(also switched fabric)
Switching fabric definition
A switching fabric is a network topology where the network nodes are connected to each other using one or more switches (usually crossbar switches). Switching fabric provides higher throughput than many Ethernet and broadcast networks because it spreads the network traffic across multiple physical links.
See also: data packet, packet switched network, Asynchronous Transfer Mode
Switching fabrics types
- Circuit switching: Circuit switching establishes a dedicated communication path between two devices for the duration of a session. During that time, the circuit is reserved for the devices even if there is no data being transmitted. Traditional telephone networks make use of circuit switching, establishing dedicated circuits for parties in a call.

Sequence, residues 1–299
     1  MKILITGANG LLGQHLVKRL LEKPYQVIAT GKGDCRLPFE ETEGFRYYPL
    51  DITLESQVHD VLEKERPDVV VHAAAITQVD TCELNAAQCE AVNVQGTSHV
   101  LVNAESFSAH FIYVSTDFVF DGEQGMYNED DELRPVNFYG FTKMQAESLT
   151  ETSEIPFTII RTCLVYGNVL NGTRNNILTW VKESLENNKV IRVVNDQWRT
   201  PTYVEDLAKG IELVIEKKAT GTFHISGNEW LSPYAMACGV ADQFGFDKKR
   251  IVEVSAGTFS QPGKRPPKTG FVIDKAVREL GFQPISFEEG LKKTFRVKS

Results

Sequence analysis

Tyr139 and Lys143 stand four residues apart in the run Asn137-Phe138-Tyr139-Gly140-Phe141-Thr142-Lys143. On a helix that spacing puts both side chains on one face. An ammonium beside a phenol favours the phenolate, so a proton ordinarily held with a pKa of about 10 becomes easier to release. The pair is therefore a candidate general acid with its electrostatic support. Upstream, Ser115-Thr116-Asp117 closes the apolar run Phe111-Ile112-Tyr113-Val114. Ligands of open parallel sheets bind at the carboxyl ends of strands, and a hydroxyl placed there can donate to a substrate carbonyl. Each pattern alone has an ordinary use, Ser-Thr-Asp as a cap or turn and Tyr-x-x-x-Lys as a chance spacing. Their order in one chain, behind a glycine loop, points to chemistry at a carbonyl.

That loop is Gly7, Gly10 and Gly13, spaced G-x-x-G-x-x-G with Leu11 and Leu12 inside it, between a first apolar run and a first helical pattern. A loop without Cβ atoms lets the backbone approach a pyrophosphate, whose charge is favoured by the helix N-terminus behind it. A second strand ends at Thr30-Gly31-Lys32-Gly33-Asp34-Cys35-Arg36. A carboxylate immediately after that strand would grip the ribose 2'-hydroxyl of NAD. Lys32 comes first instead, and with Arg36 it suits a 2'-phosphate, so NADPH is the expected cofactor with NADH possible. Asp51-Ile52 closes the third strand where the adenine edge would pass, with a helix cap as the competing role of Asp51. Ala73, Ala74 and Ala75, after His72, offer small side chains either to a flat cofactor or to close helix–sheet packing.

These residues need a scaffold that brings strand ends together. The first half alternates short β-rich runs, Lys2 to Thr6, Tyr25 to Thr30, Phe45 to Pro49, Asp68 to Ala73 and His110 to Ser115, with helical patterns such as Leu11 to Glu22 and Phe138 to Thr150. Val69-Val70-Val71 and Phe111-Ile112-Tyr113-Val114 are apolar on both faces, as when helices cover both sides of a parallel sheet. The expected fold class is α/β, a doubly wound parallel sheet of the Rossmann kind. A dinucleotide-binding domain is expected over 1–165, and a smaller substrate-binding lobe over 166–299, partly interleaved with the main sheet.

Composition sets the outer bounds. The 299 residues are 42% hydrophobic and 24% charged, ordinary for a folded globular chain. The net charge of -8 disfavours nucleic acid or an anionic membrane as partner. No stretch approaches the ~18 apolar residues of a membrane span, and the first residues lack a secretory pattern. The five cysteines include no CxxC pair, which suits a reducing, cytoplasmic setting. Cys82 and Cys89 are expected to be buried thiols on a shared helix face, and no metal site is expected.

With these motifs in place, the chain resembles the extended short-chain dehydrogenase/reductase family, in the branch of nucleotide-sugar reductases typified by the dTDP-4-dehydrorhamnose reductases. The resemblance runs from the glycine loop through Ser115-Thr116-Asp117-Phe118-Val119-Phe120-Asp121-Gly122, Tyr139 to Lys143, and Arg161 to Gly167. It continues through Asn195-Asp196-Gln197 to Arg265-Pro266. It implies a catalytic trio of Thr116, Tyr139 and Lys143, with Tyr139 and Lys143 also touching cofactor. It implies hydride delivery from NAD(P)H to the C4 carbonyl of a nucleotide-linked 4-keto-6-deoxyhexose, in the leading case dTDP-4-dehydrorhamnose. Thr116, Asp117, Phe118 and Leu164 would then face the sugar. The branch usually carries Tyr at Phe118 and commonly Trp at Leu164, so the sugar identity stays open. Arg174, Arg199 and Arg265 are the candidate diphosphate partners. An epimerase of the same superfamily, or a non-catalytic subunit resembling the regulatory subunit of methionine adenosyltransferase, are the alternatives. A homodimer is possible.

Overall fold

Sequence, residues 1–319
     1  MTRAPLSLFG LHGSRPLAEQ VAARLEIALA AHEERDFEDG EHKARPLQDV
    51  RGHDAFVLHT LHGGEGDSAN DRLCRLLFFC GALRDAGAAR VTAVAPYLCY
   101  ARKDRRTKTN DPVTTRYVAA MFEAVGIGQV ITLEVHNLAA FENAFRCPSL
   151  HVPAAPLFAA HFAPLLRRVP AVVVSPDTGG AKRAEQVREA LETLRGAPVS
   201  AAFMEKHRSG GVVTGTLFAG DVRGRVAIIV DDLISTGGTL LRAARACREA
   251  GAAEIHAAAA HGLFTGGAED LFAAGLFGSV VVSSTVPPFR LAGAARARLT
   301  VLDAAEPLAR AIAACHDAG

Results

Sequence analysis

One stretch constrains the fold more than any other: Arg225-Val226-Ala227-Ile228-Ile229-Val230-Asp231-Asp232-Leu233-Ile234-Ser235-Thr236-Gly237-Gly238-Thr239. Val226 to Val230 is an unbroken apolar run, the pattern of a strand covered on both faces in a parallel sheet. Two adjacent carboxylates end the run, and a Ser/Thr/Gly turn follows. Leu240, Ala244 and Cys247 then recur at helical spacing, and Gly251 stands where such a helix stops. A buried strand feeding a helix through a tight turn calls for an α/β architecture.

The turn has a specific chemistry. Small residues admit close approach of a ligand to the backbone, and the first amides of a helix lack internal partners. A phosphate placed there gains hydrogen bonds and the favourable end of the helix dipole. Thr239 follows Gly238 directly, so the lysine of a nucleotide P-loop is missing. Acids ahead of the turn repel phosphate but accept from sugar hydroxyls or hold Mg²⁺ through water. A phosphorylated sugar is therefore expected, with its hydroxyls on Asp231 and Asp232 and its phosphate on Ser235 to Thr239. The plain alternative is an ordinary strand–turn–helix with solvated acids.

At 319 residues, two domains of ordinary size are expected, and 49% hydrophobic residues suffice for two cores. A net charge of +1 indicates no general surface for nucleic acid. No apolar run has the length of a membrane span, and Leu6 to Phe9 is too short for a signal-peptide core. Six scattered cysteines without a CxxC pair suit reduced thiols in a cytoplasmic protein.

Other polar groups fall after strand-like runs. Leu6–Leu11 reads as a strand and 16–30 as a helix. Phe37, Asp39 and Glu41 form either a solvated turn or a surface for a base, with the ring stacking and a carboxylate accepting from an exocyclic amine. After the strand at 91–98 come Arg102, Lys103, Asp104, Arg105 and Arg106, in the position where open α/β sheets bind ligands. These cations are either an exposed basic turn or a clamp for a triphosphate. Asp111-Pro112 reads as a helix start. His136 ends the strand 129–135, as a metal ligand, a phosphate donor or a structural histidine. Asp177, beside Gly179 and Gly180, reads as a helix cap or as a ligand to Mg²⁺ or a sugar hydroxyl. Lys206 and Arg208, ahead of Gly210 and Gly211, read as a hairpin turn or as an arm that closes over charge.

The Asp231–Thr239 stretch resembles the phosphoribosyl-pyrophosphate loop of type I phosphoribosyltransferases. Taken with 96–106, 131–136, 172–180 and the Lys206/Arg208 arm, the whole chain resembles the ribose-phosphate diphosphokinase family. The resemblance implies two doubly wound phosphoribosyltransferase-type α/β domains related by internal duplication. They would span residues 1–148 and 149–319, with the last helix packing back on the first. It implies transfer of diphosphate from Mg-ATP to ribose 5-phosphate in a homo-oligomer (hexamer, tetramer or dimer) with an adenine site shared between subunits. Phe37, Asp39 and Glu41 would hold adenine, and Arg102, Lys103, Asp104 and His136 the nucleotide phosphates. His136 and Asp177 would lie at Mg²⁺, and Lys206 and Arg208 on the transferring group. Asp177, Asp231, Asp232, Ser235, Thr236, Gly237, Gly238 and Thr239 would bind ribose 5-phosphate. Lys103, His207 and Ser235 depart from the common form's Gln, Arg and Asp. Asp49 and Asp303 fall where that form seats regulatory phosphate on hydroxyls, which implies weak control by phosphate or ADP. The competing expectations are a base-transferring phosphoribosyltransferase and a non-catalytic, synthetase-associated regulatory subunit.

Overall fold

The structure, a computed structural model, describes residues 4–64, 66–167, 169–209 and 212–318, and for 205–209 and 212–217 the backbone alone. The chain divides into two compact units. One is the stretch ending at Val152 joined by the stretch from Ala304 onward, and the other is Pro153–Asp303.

- Packet switching: Packet switching breaks up data into small packets and sends them individually through the network. Each packet can take a different path through the network even if the end destination is the same. Packet switching allows multiple devices to share the same communication channels.
- Cell switching: Cell switching is similar to packet switching, but uses fixed-length cells instead of variable-length packets. Like in packet switching, each cell is routed independently through the network. Cell switching was commonly used in Asynchronous Transfer Mode (ATM) networks, but has been largely replaced by packet switching in modern networks.